The Senate gave approval to two joint resolutions sponsored by Sen. Charlie Shields (R-St. Joseph) that enable the consolidation of certain state departments. Both resolutions are constitutional amendments that would require voter approval before becoming law. SJR44 [3], which has now moved to the House, creates the Department of Education and eliminates the Departments of Elementary and Secondary Education and Higher Education and the Coordinating Board for Higher Education. SJR45 [4], which went through a number of revisions before passing, would allow the new State Board of Education to oversee elementary and secondary public schools and coordinate public higher education. The resolution outlines the board’s makeup and terms, and requires the Senate’s advice and consent on the appointment of a commissioner of education. SJR45 requires one more vote in the Senate before moving to the House.

House passes bill to equalize Access Missouri scholarships

The House perfected and passed HB1473 [5], a bill that equalizes Access Missouri scholarship award levels at $2,850 for students at both public and private four-year colleges and universities beginning in 2014. The bill also increases the award for students at community colleges to $1,300. The bill, sponsored by Rep. Mike Thomson (R-Maryville), also lowers the required GPA for renewal of the award from 2.5 to 2.0 for the first 60 credit hours, at which point it returns to 2.5.

Currently, students attending private institutions can receive up to $4,600 in Access awards, while those at public institutions are limited to $2,150 and those at community colleges are limited to $1,000. Public institutions have been seeking an equalized award in light of the recent state budget cuts that have placed a particular strain on state colleges and universities. Gov. Jay Nixon also has suggested the possibility of cutting all state funding for private student scholarships.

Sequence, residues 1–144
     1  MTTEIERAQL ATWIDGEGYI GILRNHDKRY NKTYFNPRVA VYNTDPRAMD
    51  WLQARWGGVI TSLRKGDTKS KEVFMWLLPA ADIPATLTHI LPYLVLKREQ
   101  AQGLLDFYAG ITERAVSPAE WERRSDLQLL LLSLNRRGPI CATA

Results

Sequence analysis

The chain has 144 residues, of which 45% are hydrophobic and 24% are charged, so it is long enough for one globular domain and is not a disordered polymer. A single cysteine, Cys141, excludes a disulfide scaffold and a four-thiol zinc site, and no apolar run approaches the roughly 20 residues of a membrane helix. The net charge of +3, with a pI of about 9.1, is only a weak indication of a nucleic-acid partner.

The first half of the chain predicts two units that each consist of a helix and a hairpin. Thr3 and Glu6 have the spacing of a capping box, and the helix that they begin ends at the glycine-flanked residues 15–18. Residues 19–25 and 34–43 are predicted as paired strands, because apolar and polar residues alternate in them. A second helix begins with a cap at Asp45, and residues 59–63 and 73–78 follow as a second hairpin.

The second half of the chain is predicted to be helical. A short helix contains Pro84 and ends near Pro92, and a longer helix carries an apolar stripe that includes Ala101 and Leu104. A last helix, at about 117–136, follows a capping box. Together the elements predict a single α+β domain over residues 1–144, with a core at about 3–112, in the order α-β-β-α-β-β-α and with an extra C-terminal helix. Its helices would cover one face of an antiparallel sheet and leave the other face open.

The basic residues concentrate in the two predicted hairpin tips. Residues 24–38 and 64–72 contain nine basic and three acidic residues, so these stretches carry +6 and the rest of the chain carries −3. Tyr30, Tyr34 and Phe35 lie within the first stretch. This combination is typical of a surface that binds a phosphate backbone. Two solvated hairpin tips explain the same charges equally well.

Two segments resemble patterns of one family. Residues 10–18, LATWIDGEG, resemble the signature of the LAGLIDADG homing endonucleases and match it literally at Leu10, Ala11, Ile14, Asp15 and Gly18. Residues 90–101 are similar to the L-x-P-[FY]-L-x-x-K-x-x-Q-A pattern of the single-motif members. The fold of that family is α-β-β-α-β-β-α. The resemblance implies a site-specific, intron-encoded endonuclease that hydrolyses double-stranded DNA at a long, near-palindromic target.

Leaders of these three sectors gathered earlier this year to forge an agreement to place four-year awards at $2,850 and two-year awards at a maximum of $1,300. The House legislation, and similar language found in SB733 [6] and HB1812 [7], reflects the recent agreement of the sectors.

The bill, which passed 145 to 10, must now be considered by the Senate Education Committee and adopted by the full Senate before the end of the legislative session May 14.

Higher education leaders meet with governor to discuss tax credits

Gov. Jay Nixon met with leaders of Missouri’s elementary, secondary and higher education institutions April 21 to review the state’s deteriorating budget numbers and discuss the impact of tax credits on the amount of funding available to support all levels of education.

University of Missouri System President Gary Forsee was among education leaders who spoke at the press conference. To view video from the press conference, click here [8].

Boone County legislative delegation reviews University Hospital budget items